By Anthony Gismondi
There is something about French wine that draws a crowd and with days to go, most of the tickets to the 36th Vancouver International Wine Festival tickets are gone. The response has to be gratifying for organizers and perhaps hopeful for the French who have gone from a country who absolutely dominated the import wine market in British Columbia back in the early 1990s to sixth place overall behind the United States, Australia, Italy, Chile and Argentina.
Ita��s more than ironic that France has lost ground to the very countries that idolized their wines and that more recently have gone about challenging them at almost every price point. Over the last 25 years, the rest of the worlda��s wine producers appear to have deciphered the unspoken code of French wine making and perhaps more important have done a better job of marketing their New World wines to consumers.
It started with California coming of age in the 1980s and was followed by the great Australian surge in the 1990s. Others had their moments before local wines started to take a huge bite out the market. Ita��s not that French wine is any less desirable, in fact a case could be made that it is better than ever, but in 2014 its dogfight on store shelves and competition is everywhere. Nobody is counting them out but leta��s just say therea��s a lot of work to be done before the wines of France can regain the lustre with the next generation of wine drinkers.
Luckily names like Bordeaux, Burgundy, Champagne, the Rhone, Loire and Languedoc have a certain cachet that can withstand the test of time. Bet on the French pulling out all the stops this week to try to turn the ship around. It just wona��t be easy.
As the international wine world descends on Vancouver there wona��t be much celebrating over the recent BC Liquor Policy Review and its 73 recommendations to modernize B.C. liquor laws. None of the major issues facing import wine producers, distributors or retailers were addressed by the government review, leaving just about everyone facing the same high taxes, limited access to listings and a highly overregulated and inefficient system of wine movement.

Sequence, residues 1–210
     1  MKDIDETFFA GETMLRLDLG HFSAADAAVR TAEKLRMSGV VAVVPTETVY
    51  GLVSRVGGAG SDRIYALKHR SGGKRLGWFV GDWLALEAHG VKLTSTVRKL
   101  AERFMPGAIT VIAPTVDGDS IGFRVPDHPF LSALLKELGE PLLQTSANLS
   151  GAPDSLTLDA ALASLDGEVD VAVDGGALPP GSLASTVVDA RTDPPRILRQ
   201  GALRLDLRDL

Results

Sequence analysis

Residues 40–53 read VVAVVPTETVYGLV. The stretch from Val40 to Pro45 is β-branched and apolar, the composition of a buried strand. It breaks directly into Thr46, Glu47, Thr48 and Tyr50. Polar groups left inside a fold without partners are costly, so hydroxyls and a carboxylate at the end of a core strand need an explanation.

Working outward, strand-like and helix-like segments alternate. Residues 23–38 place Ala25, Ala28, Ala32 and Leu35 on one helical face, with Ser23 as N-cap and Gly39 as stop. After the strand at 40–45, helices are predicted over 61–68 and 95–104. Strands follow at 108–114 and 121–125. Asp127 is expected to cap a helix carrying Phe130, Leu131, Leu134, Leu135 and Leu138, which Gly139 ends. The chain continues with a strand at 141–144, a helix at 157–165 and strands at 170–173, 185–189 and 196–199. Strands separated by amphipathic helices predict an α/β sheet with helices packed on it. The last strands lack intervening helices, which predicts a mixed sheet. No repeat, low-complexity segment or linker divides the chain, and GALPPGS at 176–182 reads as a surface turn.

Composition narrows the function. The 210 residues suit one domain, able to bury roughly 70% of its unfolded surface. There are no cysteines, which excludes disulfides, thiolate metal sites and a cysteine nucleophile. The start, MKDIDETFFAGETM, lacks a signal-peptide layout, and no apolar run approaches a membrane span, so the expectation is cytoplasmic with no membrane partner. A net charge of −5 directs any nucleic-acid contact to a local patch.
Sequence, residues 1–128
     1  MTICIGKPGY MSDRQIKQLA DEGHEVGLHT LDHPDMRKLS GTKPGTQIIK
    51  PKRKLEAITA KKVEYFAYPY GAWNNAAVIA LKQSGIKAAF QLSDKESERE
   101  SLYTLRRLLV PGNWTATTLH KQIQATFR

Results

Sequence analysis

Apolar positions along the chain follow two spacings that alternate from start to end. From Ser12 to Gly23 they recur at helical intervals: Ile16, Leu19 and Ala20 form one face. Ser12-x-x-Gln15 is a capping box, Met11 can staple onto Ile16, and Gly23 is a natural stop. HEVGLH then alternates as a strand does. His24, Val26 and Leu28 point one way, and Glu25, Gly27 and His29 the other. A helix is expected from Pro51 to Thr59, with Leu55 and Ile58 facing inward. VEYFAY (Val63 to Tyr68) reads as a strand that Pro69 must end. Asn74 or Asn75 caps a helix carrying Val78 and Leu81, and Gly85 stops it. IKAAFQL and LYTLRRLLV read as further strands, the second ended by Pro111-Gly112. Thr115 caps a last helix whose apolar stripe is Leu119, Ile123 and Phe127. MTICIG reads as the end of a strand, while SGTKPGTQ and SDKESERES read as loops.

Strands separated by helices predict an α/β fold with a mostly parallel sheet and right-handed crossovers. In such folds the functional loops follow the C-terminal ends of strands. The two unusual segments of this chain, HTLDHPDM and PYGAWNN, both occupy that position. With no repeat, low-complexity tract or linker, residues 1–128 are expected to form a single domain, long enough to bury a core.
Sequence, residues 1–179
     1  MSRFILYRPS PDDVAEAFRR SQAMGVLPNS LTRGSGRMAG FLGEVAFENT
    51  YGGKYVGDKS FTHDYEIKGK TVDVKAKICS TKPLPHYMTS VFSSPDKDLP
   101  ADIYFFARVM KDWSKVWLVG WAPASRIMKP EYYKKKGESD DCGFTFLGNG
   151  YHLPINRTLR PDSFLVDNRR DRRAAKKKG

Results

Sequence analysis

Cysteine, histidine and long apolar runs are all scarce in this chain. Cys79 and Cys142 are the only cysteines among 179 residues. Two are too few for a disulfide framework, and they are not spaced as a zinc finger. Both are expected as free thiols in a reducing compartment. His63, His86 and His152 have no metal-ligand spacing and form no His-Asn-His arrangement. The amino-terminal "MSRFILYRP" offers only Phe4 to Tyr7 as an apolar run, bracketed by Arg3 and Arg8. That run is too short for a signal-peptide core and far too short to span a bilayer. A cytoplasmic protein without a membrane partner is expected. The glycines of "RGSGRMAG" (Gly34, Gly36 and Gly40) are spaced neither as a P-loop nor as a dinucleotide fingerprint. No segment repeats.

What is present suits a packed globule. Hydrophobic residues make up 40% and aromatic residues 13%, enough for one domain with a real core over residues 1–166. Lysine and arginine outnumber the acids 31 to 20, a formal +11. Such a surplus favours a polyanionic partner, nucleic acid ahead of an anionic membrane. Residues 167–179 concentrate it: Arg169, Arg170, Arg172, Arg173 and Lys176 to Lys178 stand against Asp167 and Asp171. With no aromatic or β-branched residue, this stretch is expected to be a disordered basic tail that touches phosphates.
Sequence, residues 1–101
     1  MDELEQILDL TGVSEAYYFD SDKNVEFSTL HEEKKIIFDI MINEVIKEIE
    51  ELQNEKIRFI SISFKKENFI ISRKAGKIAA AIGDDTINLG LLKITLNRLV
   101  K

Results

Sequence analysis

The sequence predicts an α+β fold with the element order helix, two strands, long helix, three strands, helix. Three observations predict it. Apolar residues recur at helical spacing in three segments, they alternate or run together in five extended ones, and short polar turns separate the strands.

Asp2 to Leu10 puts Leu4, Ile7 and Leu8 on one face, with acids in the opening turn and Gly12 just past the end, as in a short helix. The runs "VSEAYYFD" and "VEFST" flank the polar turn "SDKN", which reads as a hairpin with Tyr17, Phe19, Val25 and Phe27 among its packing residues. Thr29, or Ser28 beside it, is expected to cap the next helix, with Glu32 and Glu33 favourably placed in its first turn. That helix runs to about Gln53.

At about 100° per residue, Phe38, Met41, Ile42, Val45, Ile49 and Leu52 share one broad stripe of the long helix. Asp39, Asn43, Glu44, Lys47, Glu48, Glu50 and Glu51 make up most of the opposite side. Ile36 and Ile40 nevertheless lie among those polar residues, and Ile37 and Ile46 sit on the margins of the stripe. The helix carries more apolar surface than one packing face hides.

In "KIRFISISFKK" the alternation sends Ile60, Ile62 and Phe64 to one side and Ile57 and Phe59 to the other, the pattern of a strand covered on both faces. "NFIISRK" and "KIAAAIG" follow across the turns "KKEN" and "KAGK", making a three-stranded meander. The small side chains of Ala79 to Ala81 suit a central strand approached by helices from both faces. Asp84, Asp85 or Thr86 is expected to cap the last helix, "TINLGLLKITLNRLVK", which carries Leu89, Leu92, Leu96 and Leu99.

Nevertheless, it is an important week for visitors to continue to preach diversity of selection and styles, lest the culture of wine in British Columbia take a giant step backward. Breaking down a few beer garden fences and endorsing happy hours may generate a few votes for government, but freedom and competition is whata��s best for the future of wine in B.C. The wine festival and its 23,000 participants are an excellent example of how local and international wine can generate a giant economic benefit to the province, touching the airlines and airport, taxis, hotels and restaurants, wine shops and much more. And it is a benefit that persists throughout the year.
This year the festival will do what it done best for 37 years, namely level the playing field inside the International Tasting Room and let consumers decide which wine they like best. In all, 178 wineries will stand side-by-side, each with identical space, pouring close to 900 wines at effectively the same price, your admission ticket. The only favouritism in the tasting room will be yours for the wines you like best. It is a perfect recipe for success.
If you want to experience a real a�?Happy Houra�? make sure you have a ticket to for one of the public tasting sessions Thursday, Friday or Saturday night, or for the first time this year, Saturday afternoon. As you wander from country to country, culture to culture tasting every manner of wine in the world, know that it the differences between wines that make the subject of wine so compelling.
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